How can your company better use metrics to predict performance? Let’s take Tata Consultancy Services (TCS) as an example. TCS employs over 362,000 professionals and in the financial year 2016, hired 90,000 new employees. One way they simplified hiring was to adopt a gamified system called Campus Commune, in which they engaged with students from their first day at university. For example, training modules and coding or design challenges help evaluate potential bright sparks among users. Over three to four years, the digital footprint yields a clear picture of likes, abilities, interests and existing competencies.
How can you implement something like this? One way is to track employees’ digital footprint from day one. Include psychometric assessments and personality tests — both personal and professional — and their feedback. Also, work towards using gamification for upskilling and as a fun alternative to e-learning for policies and HR.
Embracing the Future
Rather than fear the future and how automation may change work, this should be looked at as an opportunity. Just think of the time-intensive and repetitive tasks that could be automated: lawyers will spend less time in prep work, hospital staff will speed up administrative tasks like patient paperwork and HR professionals will onboard new employees in far less time. The advances in technology could mean more energy dedicated to creative tasks, critical thinking and to improving humankind itself. It’s the responsibility of employees to prepare for the future. While what that will look like remains uncertain, developing the skills mentioned above will prepare us for our VUCA world.
In the surrealist novel Invisible Monsters by American author Chuck Palahniuk, he posits, “When did the future switch from being a promise to being a threat?” The novel is a tale of a former model who reinvents herself after an accident. The unnamed protagonist deals with the realization that her future won’t be what she always thought. Palahniuk is onto something — what if we seek opportunities and look for promises of the advantages the future will bring? In the process, how will we respond if we get blindsided by abrupt shocks?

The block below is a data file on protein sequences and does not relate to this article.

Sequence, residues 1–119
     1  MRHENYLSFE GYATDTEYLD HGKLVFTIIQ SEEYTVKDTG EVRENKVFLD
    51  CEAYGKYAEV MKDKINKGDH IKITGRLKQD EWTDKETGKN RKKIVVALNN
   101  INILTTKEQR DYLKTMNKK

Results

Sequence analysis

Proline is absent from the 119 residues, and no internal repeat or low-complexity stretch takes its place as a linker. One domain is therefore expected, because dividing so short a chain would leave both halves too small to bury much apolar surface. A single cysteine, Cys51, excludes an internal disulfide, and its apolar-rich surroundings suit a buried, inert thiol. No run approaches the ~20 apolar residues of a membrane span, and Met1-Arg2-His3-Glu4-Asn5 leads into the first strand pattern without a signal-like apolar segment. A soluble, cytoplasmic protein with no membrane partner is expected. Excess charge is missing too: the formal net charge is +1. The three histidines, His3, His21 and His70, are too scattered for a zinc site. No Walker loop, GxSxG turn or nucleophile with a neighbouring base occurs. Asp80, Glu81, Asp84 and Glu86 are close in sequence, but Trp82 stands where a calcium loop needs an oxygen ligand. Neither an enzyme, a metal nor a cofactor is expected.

In many ways, the future is what we make of it. If we approach it as a time of great opportunity, and choose to continually bounce forward despite temporary setbacks, it might just turn out a fulfilled promise. In other words, let’s look at the future with rose-tinted VR glasses — and power on.
This piece was written with insights taken from the PageUp publication, CLIFFHANGER – HR on the Precipice in the Future of Work. To learn more about the book and download a free chapter, click here.
About The Author
Chief Executive Officer, Human Capital Leadership Institute
Su-Yen is also Non-Executive Chairman of Nera Telecommunications, an Independent Director at MediaCorp and Yoma Strategic Holdings, and an active member of the Singapore Institute of Directors, Women Corporate Directors, and the Young Presidents’ Organisation.
Sara R Moulton
Editor, HQ Asia
HQ Asia is a premier thought leadership publication focused on leadership and talent development in Asia, which is published by the Human Capital Leadership Institute. Sara is also a member of the Research & Insights team at HCLI. Previously, Sara spent six years as an educator, both in the US and in Singapore.